Just like creating boundaries around sleep helps parents actually enjoy their children more – and their children are happier too – I know that creating boundaries around other areas of life helps parents become better parents, too. For example, planning your evening routine with intention so that you get to bed earlier and make the best use of those precious child-free hours. So you both feel recharged as a human by getting real downtime and get physically recharged by getting better sleep.
Many parents struggle with body image after children join their lives, and tend to “revenge eat” against themselves as a result, compounding both the physical issues and the self-image issues. Life coaching can help you turn that struggle around, so that you start by loving yourself first and then create physical successes as a result of shifting your mindset.
One client struggled with setting boundaries with his son, for example, getting his son to cooperate with handwashing after using the bathroom. We coached his parenting mindset and witnessed his thoughts about what it meant to create boundaries, "being mean" versus "creating safety." Lo and behold, this father’s relationship with his child improved in multiple areas. Almost effortlessly.
Are you interested in revolutionizing one or more aspect of your life? Schedule a complimentary coaching session and make your desired results inevitable. Make sure to tell me in your message what your desired result is. I can't wait to hear about it and witness your success!
Many of us have been told that we should be enjoying this time while we are raising young children. You may remember this when you had a newborn and some older relative sighed blissfully at the memory of her own newborn.
You may have been told, again by some older person who is no longer raising young children, “the days crawl but the years fly.” Again with a sigh.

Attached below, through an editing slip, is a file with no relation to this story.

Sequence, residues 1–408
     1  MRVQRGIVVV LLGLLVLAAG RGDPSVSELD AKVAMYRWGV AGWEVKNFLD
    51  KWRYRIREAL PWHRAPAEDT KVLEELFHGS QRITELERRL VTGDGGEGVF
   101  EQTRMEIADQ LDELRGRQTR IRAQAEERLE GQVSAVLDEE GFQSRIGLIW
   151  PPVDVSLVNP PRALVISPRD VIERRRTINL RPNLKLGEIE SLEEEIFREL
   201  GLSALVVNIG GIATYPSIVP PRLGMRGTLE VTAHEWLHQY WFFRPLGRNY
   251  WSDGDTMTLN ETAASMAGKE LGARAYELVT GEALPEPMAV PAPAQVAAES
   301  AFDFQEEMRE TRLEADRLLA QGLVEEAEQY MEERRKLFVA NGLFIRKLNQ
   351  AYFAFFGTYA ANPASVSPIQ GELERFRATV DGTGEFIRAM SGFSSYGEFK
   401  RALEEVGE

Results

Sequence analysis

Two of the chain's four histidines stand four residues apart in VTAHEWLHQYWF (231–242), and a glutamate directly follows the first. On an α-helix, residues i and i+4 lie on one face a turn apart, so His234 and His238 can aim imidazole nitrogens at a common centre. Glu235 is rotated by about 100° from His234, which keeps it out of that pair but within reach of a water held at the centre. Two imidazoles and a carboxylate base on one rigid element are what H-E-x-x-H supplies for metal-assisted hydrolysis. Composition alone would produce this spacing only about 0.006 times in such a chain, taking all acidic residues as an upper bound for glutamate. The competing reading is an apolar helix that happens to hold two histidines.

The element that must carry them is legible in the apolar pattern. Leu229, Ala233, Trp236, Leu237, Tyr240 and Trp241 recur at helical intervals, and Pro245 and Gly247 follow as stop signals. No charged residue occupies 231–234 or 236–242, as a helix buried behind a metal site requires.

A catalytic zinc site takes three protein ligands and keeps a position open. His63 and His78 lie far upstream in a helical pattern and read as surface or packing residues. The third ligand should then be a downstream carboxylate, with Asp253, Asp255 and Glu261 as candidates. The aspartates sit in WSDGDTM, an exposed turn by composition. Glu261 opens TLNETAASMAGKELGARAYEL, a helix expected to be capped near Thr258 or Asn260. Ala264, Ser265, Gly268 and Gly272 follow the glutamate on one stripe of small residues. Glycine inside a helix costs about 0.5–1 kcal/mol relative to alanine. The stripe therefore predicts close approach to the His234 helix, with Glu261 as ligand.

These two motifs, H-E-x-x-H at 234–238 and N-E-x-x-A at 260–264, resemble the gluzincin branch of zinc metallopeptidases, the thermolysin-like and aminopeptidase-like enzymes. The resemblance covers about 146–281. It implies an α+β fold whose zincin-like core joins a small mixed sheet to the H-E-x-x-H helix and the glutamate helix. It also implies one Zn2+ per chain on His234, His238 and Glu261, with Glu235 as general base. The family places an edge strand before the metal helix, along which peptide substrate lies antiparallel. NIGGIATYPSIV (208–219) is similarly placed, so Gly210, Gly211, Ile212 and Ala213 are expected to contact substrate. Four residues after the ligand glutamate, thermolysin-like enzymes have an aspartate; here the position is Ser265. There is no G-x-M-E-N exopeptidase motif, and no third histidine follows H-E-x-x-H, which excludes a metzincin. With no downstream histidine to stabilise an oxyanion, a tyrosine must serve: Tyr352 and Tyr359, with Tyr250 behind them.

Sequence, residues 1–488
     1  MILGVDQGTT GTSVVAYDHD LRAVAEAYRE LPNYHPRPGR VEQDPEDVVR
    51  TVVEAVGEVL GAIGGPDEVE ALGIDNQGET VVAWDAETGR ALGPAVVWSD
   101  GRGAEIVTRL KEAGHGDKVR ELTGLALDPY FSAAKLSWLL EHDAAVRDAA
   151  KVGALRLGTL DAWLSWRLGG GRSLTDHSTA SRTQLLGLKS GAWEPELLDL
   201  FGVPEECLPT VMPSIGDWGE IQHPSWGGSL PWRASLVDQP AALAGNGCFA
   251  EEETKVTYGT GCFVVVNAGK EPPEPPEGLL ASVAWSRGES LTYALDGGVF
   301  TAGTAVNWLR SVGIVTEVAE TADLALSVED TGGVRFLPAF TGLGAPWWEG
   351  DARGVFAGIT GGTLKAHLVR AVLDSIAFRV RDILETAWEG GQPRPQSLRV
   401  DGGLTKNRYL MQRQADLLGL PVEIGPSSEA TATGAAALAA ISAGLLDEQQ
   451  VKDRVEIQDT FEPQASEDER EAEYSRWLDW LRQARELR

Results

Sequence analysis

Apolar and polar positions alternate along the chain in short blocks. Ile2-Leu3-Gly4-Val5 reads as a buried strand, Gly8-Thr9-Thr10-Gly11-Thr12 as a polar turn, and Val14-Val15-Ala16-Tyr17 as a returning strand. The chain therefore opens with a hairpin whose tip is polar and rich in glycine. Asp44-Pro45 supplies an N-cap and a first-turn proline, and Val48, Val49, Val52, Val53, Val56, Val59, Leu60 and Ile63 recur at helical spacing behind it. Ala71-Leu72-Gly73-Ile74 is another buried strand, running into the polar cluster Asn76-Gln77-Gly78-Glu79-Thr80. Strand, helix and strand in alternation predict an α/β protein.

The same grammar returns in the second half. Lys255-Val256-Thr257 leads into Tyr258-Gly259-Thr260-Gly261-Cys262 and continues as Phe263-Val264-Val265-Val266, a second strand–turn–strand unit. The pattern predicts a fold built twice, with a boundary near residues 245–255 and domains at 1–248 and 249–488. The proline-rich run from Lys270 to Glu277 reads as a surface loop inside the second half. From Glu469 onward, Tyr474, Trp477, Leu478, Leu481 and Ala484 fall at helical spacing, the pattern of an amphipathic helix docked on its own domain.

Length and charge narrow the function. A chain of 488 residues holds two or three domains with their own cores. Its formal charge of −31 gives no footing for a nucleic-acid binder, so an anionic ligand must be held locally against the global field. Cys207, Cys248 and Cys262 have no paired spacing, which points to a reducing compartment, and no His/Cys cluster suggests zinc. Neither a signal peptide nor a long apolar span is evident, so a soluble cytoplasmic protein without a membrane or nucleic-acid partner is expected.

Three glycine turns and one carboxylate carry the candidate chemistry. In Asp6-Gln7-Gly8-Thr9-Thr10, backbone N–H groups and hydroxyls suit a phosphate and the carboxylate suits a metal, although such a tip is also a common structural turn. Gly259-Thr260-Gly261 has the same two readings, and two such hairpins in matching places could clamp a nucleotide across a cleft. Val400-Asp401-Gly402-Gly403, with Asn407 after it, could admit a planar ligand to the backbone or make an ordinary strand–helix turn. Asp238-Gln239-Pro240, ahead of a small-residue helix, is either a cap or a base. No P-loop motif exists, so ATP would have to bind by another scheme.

Parent, if this sentiment makes you feel guilty, you are not alone.
And those Pinterest-perfect lunches for toddlers (who scarcely remember to eat, except for that one meal a week where – without warning – they are bottomless pits)? Another opportunity for guilt.
And the Facebook posts and the commercials on TV and the photos on Instagram… so many opportunities.
But the truth is, allowing yourself to feel anxious, burned out or anger sometimes will actually help you enjoy your children more. Let yourself off the hook, please. It's okay to not enjoy it all or even most of the time.
Do you know that book All Joy and No Fun: The Paradox of Modern Parenting? It's not supposed to be fun all the time. It's drudgery a lot of the time. Rewarding drudgery, to be sure, but sometimes the reward doesn't come until much later.
The more we try to force ourselves into feeling a certain emotion, the more we resist. We think, “I shouldi feel grateful, happy, excited” and our inner teenager barks back a single, “NO.”
Or it works for a moment and then we fall, exhausted, again. By one more source of pressure.
Or it just creates guilt.
Resisting an emotion takes a great deal of energy. Allowing an emotion and even welcoming it takes a lot less energy and, to my surprise, actually allows that negative emotion to pass much more quickly.
So let’s say you discover that – true story – your toddler has poured an entire bottle of laundry detergent on the floor of the laundry room.
You want to blame yourself, and remember that she’s only a toddler, and laugh it off.
But the truth is, you are pissed. At yourself as well as at her. Realizing the amount of extra work that was just created for you. And you were already exhausted from a long day of adulting.
But trying to push down your annoyance will only make it stronger.
Instead, try putting your hands on your chest for a moment. Close your eyes. Breathe for a moment. Tell yourself, in your most loving voice, “Of course you are frustrated. Anyone thinking about this would be frustrated.”
Try to find the feeling of frustrated in your body. Maybe it’s a flat white bumpy cold rock in your stomach. Or a burning hot ember of lava in your chest.